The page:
In the latest chapter of Facebook doing good, the social networking site will begin sending out Amber Alerts to its users. Facebook is partnering with the National Center for Missing and Exploited Children (NCMEC) and the Justice Department to deliver the alerts that will be issued as notifications.
All users can sign up to receive the notifications for their respective state (there are 53 separate pages, including the US territories), and anytime a new bulletin is posted it will show up in the News Feed.
For some time now, Facebook has been used to galvanize interest around causes, including cases of missing children. Their validity was sometimes questionable, and subject matter was occasionally controversial. Individual police department Facebook pages previously sent out Amber Alerts as well, and now Facebook will do them one better by organizing the program as well as donated 50 million advertising impressions for its kickoff.
In 2007, MySpace (with the help of Sentinel Technology) took a similar route by developing sex-offender tracking tools for its site. In response to mounting pressure to protect its users (especially underaged ones), the site donated its database technology to the NCMEC to assist law enforcement agencies.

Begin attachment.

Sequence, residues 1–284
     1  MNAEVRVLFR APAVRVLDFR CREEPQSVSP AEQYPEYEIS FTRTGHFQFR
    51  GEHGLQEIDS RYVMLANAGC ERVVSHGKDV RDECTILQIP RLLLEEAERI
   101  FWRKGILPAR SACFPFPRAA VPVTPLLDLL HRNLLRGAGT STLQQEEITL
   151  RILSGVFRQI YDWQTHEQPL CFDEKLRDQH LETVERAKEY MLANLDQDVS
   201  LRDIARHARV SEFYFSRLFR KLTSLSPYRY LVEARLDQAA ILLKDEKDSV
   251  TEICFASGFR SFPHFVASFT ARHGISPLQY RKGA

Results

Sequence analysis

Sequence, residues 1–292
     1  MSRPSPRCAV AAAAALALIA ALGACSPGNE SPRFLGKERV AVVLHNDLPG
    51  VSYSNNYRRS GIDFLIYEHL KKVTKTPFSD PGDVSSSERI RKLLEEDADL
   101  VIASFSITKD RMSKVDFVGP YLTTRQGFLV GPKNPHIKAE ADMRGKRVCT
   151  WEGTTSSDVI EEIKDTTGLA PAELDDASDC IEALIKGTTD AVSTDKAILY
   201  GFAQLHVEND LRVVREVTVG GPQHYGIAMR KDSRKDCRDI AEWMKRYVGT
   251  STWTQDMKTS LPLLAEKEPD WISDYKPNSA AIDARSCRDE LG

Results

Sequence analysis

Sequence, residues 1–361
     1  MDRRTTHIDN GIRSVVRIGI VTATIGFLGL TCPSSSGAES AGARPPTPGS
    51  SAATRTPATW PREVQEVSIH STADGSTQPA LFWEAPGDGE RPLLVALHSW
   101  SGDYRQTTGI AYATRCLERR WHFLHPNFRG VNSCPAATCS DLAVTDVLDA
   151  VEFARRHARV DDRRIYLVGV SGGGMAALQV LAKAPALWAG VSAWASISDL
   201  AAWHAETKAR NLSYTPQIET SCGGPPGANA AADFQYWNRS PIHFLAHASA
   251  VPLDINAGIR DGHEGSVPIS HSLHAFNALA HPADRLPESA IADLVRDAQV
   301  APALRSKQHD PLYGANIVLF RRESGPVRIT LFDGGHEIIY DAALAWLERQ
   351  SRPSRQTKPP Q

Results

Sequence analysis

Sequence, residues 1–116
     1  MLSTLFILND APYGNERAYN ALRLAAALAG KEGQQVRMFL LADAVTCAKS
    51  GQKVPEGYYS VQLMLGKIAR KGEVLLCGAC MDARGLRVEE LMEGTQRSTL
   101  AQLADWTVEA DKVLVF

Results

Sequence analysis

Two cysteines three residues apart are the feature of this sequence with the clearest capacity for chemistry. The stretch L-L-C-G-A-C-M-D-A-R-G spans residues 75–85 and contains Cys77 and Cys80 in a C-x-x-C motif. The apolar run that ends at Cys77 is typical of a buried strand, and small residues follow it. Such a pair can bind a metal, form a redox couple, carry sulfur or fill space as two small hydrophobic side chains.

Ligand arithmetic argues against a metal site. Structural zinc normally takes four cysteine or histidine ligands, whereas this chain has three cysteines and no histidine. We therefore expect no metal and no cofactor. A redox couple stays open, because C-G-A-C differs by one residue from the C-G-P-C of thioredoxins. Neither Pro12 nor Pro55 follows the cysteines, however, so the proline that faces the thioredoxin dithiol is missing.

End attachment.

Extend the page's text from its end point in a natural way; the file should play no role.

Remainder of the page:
The new Facebook system will be opt-in so that its intentions are clear, and never border on overwhelming users with updates. “We are very sensitive to people considering this as spam, and our message to the public has been: One, you are not going to be inundated,” president and CEO for the NCMEC Ernie Allen said at this morning’s press conference.
Tomorrow is the anniversary of the abduction and murder of Amber Hagerman, after whom the program is named.
Facebook has typically shown a willingness to collaborate with authorities and state officials to work as an emergency broadcast system, and the success of Amber Alerts on the social networking site could lead to wider use in the future.
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